# How to Estimate Distances

Jon Vara

Your arm is about ten times longer than the distance between your eyes. That fact, together with a bit of applied trigonometry, can be used to estimate distances between you and any object of approximately known size.

Imagine, for example, that you’re standing on the side of a hill, trying to decide how far it is to the top of a low hill on the other side of the valley. Just below the hilltop is a barn, which you feel reasonably sure is about 100 feet wide on the side facing you.

• Hold one arm straight out in front of you, elbow straight, thumb pointing up.
• Close one eye, and align one edge of your thumb with one edge of the barn.
• Without moving your head or arm, switch eyes, now sighting with the eye that was closed and closing the other.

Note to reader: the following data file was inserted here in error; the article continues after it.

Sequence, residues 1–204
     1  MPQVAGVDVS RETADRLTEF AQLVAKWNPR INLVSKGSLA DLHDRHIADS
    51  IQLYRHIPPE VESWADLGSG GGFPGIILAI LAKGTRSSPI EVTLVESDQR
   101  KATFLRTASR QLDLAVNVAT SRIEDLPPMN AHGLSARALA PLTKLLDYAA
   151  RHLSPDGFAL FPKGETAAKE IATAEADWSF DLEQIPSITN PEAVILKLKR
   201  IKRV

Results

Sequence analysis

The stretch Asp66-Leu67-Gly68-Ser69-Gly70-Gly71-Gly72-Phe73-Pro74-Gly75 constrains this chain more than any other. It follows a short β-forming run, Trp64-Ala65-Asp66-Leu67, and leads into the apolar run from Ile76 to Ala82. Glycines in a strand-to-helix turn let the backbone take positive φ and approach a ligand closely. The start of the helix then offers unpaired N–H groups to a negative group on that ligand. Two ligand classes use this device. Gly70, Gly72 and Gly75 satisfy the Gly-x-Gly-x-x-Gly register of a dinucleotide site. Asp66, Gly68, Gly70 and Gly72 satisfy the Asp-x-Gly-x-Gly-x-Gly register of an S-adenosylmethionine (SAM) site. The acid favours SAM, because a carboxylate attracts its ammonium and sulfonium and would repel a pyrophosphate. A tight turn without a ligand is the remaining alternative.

• Your thumb will appear to jump sideways as a result of the change in perspective.

How far did it move? (Be sure to sight the same edge of your thumb when you switch eyes.)

• Let’s say it jumped about five times the width of the barn, or about 500 feet.
• Now multiply that figure by the handy constant 10 (the ratio of the length of your arm to the distance between your eyes).
• Now you get the distance between you and the barn—5,000 feet, or about one mile. The accompanying diagram should make the whole process clear.

With a little practice, you’ll find that you can perform a quick thumb-jump estimate in just a few seconds, and the result will usually be more accurate than an out-and-out guess. At a minimum, it will provide some assurance that the figure is in the ballpark—which, in many cases, is as close as you need to get.

## Add new comment

### Okay, so how do I tell how

Okay, so how do I tell how wide the barn is?

### The distance to the Horizon

The distance to the Horizon is:
d=square root of 2 h.

Where;
d= the Distance to the Horizon in Miles. h= the elevation of the Observer above the Horizon in Feet.

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